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Iowa mom shares personal stories in effort to change Indian’s nickname



An Indianola mother is trying to share her views in an effort to get rid of the Indian moniker, although the school board has no immediate plans to revisit the matter. Amanda Cawthorn, whose ancestry is Oneida, attended a high school in Wisconsin that also used an Indian nickname, but that school changed its nickname in the early 1990s and she wanted to see the same thing. for her four children in Indianola. “The Indians are a people, a present people, not an extinct people,” she said. “I fully support that,” said Hailey Stanley, a student at Indianola High School. “We are Indianola Indians since my father went to Indianola School and I love Indianola Indians.” Cawthorn says she enjoys chatting with people face-to-face to share her views. “My oldest sons are all signed up for fall sports, and right before they started, he said, ‘Mom, I can’t do it. I can’t wear that uniform. unable to represent my school with the race branded on my chest.”” The School Board held a meeting in 2021 that included public comment on the moniker’s future, but none Indianola School Board President Rob Keller issued the following statement for this story: “Currently the Indianola School Board does not have any plans to further discuss the moniker. and our Indianola symbol at an upcoming council meeting. This past June, the Indianola School Board met with our Executive Director a board conference. We have named the following four areas as the board’s priorities for the current school year: High School Bond Matters, School Safety, Mental Health of our students and teachers, and Technical Education Art Profession. “Cawthorn said she thinks the name will change someday, but she doesn’t know when.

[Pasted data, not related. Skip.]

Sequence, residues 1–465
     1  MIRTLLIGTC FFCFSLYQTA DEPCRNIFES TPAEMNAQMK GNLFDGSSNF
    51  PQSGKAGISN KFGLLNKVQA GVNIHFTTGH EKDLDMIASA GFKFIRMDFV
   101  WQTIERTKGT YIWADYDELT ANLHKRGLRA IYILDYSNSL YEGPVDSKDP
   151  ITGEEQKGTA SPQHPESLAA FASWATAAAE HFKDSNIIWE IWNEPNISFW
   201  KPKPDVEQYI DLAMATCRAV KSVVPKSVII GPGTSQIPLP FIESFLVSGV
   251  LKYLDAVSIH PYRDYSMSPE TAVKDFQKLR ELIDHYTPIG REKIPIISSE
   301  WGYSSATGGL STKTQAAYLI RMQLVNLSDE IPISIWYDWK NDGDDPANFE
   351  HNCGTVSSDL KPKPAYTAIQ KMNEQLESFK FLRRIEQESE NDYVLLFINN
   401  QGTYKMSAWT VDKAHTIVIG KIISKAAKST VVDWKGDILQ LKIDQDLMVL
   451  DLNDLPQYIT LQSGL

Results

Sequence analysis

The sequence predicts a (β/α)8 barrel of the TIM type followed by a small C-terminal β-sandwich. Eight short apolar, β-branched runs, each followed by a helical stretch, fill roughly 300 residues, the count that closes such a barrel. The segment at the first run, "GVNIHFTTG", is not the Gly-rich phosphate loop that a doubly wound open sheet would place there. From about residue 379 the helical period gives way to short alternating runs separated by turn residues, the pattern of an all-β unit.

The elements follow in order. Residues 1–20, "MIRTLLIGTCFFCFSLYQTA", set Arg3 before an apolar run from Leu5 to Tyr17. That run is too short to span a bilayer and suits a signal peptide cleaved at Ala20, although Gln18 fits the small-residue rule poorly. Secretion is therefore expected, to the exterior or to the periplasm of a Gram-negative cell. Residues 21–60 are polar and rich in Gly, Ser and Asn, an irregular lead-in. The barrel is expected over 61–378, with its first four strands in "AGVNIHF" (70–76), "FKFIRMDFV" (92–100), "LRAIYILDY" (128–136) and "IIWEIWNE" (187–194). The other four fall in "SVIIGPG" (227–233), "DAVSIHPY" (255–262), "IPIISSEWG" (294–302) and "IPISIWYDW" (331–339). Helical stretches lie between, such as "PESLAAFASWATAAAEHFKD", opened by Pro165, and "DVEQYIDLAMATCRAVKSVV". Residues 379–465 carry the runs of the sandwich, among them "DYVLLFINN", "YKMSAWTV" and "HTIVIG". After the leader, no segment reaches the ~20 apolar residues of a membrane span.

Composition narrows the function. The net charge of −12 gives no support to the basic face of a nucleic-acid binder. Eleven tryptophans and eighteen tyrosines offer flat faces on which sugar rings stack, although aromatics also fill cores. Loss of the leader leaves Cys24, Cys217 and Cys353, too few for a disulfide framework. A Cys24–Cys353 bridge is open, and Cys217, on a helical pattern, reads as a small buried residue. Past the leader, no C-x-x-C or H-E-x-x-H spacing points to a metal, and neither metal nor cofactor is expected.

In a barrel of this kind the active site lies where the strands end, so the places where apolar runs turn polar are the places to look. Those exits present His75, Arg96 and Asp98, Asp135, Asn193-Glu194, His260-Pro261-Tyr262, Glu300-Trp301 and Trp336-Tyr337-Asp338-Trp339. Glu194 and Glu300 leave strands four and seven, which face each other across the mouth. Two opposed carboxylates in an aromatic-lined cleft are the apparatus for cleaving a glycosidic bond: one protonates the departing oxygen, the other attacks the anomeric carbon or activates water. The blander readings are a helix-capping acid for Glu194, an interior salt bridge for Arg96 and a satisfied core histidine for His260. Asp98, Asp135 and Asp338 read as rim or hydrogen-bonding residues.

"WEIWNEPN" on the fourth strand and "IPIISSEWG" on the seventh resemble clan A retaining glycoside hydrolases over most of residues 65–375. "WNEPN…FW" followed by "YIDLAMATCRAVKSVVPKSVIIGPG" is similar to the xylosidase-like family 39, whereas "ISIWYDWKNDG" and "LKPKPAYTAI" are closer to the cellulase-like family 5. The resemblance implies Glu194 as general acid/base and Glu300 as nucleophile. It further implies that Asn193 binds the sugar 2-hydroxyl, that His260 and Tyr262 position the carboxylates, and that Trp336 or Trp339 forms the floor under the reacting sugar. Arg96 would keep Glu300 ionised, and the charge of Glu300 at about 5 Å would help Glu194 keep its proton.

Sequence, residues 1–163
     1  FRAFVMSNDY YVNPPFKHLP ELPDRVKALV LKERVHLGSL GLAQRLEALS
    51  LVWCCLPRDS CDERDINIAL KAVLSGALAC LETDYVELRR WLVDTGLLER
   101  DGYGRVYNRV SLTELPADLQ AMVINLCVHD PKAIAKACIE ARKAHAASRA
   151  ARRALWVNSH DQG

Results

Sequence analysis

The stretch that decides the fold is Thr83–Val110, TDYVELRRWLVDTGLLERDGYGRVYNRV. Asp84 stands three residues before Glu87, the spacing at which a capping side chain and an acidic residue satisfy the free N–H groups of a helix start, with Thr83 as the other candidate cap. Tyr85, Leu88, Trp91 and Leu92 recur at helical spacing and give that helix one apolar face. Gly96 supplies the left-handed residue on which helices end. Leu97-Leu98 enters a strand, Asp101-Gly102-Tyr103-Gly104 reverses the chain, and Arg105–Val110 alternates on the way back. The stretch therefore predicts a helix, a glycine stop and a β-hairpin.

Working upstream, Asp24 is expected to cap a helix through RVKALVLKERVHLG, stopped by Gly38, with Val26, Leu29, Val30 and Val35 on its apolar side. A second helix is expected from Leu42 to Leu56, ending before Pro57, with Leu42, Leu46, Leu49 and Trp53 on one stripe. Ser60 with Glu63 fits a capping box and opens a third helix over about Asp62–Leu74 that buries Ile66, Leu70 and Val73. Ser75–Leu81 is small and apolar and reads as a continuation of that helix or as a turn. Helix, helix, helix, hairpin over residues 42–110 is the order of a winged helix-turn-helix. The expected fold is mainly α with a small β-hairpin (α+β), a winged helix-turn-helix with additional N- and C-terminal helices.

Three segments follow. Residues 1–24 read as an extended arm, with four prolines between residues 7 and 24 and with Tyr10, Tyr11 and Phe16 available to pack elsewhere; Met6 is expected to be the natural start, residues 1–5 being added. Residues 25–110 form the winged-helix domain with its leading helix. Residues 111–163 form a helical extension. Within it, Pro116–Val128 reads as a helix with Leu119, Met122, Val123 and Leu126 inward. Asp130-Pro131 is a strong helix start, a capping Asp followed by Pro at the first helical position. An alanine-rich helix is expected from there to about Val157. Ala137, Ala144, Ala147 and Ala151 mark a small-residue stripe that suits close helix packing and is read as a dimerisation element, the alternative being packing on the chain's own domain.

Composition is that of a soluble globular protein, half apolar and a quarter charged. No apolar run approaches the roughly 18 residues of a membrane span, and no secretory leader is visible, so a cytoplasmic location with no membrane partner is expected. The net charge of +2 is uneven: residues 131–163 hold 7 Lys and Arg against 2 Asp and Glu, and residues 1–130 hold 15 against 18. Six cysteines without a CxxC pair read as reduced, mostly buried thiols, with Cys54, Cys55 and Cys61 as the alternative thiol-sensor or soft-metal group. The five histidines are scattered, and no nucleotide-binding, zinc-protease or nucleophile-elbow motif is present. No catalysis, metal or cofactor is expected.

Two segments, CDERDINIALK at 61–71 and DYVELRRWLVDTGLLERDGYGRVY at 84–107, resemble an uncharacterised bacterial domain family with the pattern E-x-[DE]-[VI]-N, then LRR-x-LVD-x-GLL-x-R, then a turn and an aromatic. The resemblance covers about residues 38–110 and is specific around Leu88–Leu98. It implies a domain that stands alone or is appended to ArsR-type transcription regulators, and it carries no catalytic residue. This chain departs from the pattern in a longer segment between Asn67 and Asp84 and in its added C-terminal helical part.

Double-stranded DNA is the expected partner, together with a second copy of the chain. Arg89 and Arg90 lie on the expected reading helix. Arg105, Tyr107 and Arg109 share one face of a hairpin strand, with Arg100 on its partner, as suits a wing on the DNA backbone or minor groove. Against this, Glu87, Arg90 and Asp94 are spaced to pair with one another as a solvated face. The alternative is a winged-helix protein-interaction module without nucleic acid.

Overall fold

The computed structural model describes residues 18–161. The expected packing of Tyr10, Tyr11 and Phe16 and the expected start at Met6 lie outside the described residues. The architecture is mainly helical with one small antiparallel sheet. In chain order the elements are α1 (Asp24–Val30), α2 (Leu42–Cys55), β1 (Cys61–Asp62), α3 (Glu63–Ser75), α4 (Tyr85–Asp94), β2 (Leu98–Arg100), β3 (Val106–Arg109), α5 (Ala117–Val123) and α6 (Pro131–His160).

An Indianola mother is trying to share her views in an effort to get rid of the Indian moniker, although the school board has no immediate plans to revisit the matter.

Amanda Cawthorn, whose ancestry is Oneida, attended a high school in Wisconsin, which also used an Indian nickname.

But that school changed its name in the early 1990s, and she wanted to see the same for her four children in Indianola.

“The Indians are a people, a present people, not an extinct people,” she said.

The team’s nickname has been associated with the town for generations, and many in the community want to continue the tradition.

“I fully support that,” said Hailey Stanley, a student at Indianola High School. “We’ve been Indianola since my dad went to Indianola school, and I love Indianola.”

Cawthorn says she enjoys chatting with people face-to-face to share her views.

“My oldest sons are all signed up for fall sports, and right before they started, he said, ‘Mom, I can’t do it. I can’t wear that uniform. can’t represent my school with the race branded on my chest.'”

The school board held a meeting in 2021 that included public comment on the future of the nickname, but no action was taken.

Indianola School Board President Rob Keller issued the following statement for this story:

“Currently the Indianola School Board does not have any plans to further discuss our Indianola Indian nicknames and symbols at an upcoming board meeting. In June, the Board of Directors Indianola school administrators met with our Superintendent to organize a workshop We named the following four areas as the board of priorities for the current school year: High School Bond Issues, School Safety Education, the Mental Health of our students and teachers, and Career Technical Education.”

Cawthorn said she thinks the name will change someday, but she doesn’t know when.



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